Governor honors local firefighter for saving lives
by Megan Thornton
mthornton@cherokeetribune.com
November 09, 2012 12:36 AM | 1876 views | 0 0 comments | 5 5 recommendations | email to a friend | print
Sgt. Jason Williams stands next to the 2012 Governor’s Public Safety Awards plaque located outside the Georgia Public Safety Training Center in Atlanta. Williams received the award for saving two other fire personnel in a Dec. 5, 2010, chimney fire. <br>Special to the Tribune
Sgt. Jason Williams stands next to the 2012 Governor’s Public Safety Awards plaque located outside the Georgia Public Safety Training Center in Atlanta. Williams received the award for saving two other fire personnel in a Dec. 5, 2010, chimney fire.
Special to the Tribune
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A Cherokee County firefighter’s act of heroism almost two years ago was recognized Monday by Gov. Nathan Deal at the Governor’s Public Safety Awards ceremony in Forsyth.

Sgt. Jason Williams, who has been with Cherokee County Fire and Emergency Services since 2006, was one of 18 public safety personnel given medallions. Recipients’ names were also added to the Governor’s Public Safety Awards’ monument located inside the Georgia Public Safety Training Center.

Williams made a decision the night of Dec. 5, 2010, that could have cost him his life, but ended up saving two others while fighting a chimney fire.

“He did what we’re supposed to do but its very difficult to do when your life is threatened to put yourself aside for others,” said Sgt. Alec Adams, one of two men Williams saved that night.

Tim Cavender, spokesman for Cherokee County Fire and Emergency Services, said Adams and another firefighter made their way to the attic fire on Chestatee Court in Woodstock while Williams remained at the bottom of the stairs to pull the hose.

“Without Williams’ heroic actions, this incident would have surely led to further injury, if not the death of his two brother firefighters,” Cavender said.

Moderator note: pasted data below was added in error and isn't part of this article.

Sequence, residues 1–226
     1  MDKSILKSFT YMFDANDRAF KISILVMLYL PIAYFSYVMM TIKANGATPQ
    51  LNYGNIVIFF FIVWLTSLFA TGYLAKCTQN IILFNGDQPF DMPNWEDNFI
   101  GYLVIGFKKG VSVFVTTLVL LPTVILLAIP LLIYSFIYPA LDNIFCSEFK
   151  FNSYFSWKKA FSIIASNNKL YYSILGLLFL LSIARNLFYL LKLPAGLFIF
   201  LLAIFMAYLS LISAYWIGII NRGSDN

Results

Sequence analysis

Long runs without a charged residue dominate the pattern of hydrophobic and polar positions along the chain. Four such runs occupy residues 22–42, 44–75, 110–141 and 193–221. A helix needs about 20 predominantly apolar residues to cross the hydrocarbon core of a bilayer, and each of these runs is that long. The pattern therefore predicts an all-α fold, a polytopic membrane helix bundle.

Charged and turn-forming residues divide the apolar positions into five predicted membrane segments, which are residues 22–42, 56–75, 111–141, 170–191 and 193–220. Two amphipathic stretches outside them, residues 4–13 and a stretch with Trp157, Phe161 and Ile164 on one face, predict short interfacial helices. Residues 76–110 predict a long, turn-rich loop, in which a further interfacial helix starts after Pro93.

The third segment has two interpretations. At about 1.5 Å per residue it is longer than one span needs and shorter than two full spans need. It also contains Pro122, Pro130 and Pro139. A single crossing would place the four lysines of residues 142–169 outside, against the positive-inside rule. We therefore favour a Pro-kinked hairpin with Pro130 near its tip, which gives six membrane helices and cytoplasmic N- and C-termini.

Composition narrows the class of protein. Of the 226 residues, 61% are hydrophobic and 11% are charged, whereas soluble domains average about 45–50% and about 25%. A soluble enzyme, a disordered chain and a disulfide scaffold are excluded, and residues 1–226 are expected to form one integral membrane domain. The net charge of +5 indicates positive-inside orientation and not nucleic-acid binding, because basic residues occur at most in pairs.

Through the high heat and rapidly deteriorating conditions, Williams saw fire just outside the window and tried to notify the other two firefighters.

But he soon realized both of his hands and arms were on fire. He then saw a wall of fire coming from behind him and blocking the escape.

Despite agonizing pain, Williams made his way up the stairs to alert the crew to the danger. With no other way out, the three men crawled down two flights of stairs through floor-to-ceiling fire.

All three team members were burned, with Williams sustaining first, second and third degree burns.

Adams, who has been with county fire services for seven years, said his team member had two choices: leave and save himself or risk his life upstairs.

“It’s pretty incredible for him to do something like that,” Adams said. “It’s for my family, for my wife to have a husband, for my son to have a father. Without his doing that, that may not have been possible.”

Adams said Williams is deserving of the award.

“I owe him my life,” he said.

Chief Tim Prather, who attended the ceremony, said he was proud to see one of his employees honored.

“It’s scary sometimes to know how close we come to losing guys, but I’m proud that their guys’ training helped them through a situation that was very close to being bad,” Prather said. “These actions and working as a team got them out of there before they couldn’t get out.”

At the awards ceremony, Deal said he was honored to recognize brave law enforcement officers and emergency responders who risk their lives every day to make Georgia a safer place.

“Public safety is one of the most solemn obligations of state government, and I thank these heroes for their selfless commitment to Georgia citizens,” Deal said.

Beginning in 1998, the award serves to recognize public safety officers who go above and beyond the call of duty to protect citizens and make significant contributions to the public safety profession at large.
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